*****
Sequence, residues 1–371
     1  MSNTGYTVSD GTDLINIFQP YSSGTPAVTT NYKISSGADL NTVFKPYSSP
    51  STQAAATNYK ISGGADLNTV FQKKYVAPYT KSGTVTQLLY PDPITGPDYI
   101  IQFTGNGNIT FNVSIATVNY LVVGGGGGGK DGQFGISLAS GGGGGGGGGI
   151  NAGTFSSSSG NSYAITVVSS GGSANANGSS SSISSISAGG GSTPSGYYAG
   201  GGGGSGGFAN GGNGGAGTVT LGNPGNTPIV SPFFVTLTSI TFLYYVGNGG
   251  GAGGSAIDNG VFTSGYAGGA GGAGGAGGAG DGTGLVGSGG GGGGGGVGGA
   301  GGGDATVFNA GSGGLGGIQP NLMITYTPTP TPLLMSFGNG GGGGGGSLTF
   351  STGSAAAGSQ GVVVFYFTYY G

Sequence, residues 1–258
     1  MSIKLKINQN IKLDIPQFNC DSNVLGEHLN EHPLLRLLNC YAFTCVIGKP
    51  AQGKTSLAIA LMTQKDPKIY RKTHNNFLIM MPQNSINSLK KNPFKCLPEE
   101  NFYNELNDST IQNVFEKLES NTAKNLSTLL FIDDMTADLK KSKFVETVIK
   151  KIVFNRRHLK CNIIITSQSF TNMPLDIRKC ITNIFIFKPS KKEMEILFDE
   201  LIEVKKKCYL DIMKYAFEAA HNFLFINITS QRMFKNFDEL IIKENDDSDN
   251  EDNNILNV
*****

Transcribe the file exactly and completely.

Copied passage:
Sequence, residues 1–371
     1  MSNTGYTVSD GTDLINIFQP YSSGTPAVTT NYKISSGADL NTVFKPYSSP
    51  STQAAATNYK ISGGADLNTV FQKKYVAPYT KSGTVTQLLY PDPITGPDYI
   101  IQFTGNGNIT FNVSIATVNY LVVGGGGGGK DGQFGISLAS GGGGGGGGGI
   151  NAGTFSSSSG NSYAITVVSS GGSANANGSS SSISSISAGG GSTPSGYYAG
   201  GGGGSGGFAN GGNGGAGTVT LGNPGNTPIV SPFFVTLTSI TFLYYVGNGG
   251  GAGGSAIDNG VFTSGYAGGA GGAGGAGGAG DGTGLVGSGG GGGGGGVGGA
   301  GGGDATVFNA GSGGLGGIQP NLMITYTPTP TPLLMSFGNG GGGGGGSLTF
   351  STGSAAAGSQ GVVVFYFTYY G

Sequence, residues 1–258
     1  MSIKLKINQN IKLDIPQFNC DSNVLGEHLN EHPLLRLLNC YAFTCVIGKP
    51  AQGKTSLAIA LMTQKDPKIY RKTHNNFLIM MPQNSINSLK KNPFKCLPEE
   101  NFYNELNDST IQNVFEKLES NTAKNLSTLL FIDDMTADLK KSKFVETVIK
   151  KIVFNRRHLK CNIIITSQSF TNMPLDIRKC ITNIFIFKPS KKEMEILFDE
   201  LIEVKKKCYL DIMKYAFEAA HNFLFINITS QRMFKNFDEL IIKENDDSDN
   251  EDNNILNV